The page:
On returning from our travels, one more surprise for me- a 'Welcome Back' present awaiting us on the doorstep- from a friend's allotment.
When I opened up the bag- this is what was inside:
|Welcomed home with veg!|
So this week's blog is all about how I made four main dishes- and the same again of leftover lunches- from this bountiful bagful.
I started with the Swiss Chard ( or blettes as it is known in French).
This excellent vegetable is a story of two halves: the leaves which are like spinach and can be used in the same sort of dishes, or can be stuffed like cabbage leaves; and the stems which are like celery and make lovely soups but also gratins and tasty side dishes too.
|Swiss Chard- a story of two halves|
I decided to make a Quiche Aux Blettes (Swiss Chard Tart- but it sounds tastier in French) with the leaves and a Lyonnais-style side dish with the stems.
Wash the leaves well and wilt down in a saucepan (with just the water clinging to them- no more) then drain and squeeze the leaves dry using a J cloth or tea towel.
|Quiche aux Bletttes|
With sweetcorn to start, and a green salad to accompany- the quiche was a real feast- and the leftovers made two lunches as well.
Likewise the side dish went beautifully with some poached salmon.
Slice the chard stems into bite size pieces. Fry 1 sliced onion and 1 clove of garlic (minced) in some oil, then add the chard pieces and brown a little. Add 1 tbsp white wine or dry sherry and a crumbled vegetable stock cube. Cover with a lid and simmer until the liquid has nearly all been absorbed. Just before serving boil quickly to evaporate the last of the liquid and whisk in a knob of butter to make the dish glossy.
|Lyonnais style Chard- bubbling away|
Now for the big beast- that golden marrow!
First job- cut it in half- and use one half for a Mediterranean Tian and the other was to be stuffed and served with salad.
A marrow to be proud of!
I sliced one of the marrow halves lengthways, scooped out any large seeds to make a trench and filled it with beef ragout ( spag bol sauce basically!)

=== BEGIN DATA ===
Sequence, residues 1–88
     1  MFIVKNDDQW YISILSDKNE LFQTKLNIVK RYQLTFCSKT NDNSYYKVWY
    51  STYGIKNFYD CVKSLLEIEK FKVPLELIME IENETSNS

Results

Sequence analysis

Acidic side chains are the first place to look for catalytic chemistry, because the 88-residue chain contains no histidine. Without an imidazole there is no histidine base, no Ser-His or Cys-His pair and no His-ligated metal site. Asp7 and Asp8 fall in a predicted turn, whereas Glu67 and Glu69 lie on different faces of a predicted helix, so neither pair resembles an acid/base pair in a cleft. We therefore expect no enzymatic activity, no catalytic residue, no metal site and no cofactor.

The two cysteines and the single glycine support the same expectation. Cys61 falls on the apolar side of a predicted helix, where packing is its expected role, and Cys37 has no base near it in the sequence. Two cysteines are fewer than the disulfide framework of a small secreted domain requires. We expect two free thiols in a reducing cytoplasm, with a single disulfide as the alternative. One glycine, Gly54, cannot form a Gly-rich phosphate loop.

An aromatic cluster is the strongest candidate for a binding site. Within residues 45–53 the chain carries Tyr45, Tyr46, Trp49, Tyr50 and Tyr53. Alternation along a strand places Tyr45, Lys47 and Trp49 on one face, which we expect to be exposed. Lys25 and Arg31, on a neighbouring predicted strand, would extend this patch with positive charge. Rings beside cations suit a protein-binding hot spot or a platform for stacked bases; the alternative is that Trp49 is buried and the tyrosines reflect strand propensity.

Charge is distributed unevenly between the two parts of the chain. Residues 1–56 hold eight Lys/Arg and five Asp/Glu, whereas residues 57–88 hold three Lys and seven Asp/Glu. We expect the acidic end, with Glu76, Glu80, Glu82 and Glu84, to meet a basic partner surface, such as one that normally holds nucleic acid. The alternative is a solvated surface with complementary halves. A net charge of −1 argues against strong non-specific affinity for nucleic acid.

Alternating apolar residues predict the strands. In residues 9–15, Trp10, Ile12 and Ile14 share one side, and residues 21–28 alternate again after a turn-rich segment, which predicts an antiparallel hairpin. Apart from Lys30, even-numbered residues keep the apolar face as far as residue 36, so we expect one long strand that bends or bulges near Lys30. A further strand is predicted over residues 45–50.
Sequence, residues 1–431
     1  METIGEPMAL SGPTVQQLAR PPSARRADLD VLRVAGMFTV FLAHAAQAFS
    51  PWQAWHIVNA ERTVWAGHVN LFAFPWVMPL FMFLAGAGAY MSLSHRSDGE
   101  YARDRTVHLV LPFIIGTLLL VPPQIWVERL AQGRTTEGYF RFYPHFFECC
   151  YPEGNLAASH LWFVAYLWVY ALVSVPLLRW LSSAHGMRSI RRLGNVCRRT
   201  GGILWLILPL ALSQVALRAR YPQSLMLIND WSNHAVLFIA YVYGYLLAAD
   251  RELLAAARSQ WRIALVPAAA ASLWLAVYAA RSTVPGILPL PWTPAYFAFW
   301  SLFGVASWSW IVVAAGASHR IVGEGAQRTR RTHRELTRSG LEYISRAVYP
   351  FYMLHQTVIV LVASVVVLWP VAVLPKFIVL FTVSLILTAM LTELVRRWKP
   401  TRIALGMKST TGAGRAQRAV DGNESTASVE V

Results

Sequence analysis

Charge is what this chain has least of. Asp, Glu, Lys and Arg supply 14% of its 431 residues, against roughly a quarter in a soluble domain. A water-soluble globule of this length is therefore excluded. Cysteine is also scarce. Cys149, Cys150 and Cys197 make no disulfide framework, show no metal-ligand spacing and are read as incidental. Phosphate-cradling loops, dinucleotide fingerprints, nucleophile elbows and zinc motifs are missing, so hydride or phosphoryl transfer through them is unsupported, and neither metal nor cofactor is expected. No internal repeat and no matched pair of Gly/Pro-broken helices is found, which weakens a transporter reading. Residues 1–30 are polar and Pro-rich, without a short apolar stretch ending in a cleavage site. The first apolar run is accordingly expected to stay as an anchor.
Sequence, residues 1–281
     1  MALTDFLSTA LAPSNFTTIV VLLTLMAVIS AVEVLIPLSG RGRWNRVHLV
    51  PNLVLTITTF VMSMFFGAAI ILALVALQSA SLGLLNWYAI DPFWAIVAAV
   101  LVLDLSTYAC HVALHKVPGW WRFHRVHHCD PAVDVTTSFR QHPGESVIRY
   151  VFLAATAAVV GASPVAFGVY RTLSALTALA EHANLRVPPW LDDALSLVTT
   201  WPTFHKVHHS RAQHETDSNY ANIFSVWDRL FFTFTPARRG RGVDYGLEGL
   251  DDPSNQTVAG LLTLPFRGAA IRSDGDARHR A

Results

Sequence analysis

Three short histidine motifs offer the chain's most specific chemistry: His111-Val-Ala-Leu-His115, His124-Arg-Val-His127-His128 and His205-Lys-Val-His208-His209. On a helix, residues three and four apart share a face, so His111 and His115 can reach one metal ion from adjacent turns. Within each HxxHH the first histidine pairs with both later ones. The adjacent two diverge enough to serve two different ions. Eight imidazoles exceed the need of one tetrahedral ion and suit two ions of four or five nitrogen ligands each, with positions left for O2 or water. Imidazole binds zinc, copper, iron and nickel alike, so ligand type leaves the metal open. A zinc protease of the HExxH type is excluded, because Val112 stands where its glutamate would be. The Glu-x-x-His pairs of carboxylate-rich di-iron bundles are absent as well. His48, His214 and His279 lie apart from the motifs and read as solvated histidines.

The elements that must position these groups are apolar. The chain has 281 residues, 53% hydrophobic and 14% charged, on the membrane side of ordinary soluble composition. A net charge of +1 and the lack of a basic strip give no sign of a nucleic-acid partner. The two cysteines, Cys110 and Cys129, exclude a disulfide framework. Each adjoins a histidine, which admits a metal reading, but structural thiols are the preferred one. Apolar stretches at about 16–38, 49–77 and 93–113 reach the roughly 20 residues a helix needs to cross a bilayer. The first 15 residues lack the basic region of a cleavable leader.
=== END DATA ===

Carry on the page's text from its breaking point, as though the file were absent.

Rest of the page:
|Ready for the oven|
|Stuffed sliced marrow|
1 courgette ( or half a marrow!)
400g bechamel sauce
salt pepper and oil (for browning)
breadcrumbs and Parmesan for topping
First make your bechamel sauce in a saucepan (you can add a little grated cheese if you want too).
|whisk up your bechamel sauce|
|Spread out the sauce|
|Layer in the veg and the sliced mozzarella|
|Ready for the oven|
|Use-it-All-Up Minestone Soup|
Last but most definitely not least, the potatoes.
So many delicious things can be made from the humble spud- but this time I opted for a recipe I gleaned in the Auvergne- Truffade- which is a sort of cheesy, bacon and potato hash. This has to be one of the most delicious things- if you like bacon, potatoes and cheese. which I do- and I recommend it out of all the dishes on this post.
I par-boiled the potatoes until just tender and fried off the leftover bacon lardons ( from the quiche).
I added the potatoes and fried for a while, turning frequently to distribute all the golden crunchy bits from the bottom of the frying pan.
|Fry the bacon and potatoes|
|Lay in a gratin dish with cheese|
Many thanks to all our friends and family for making this summer such a special one.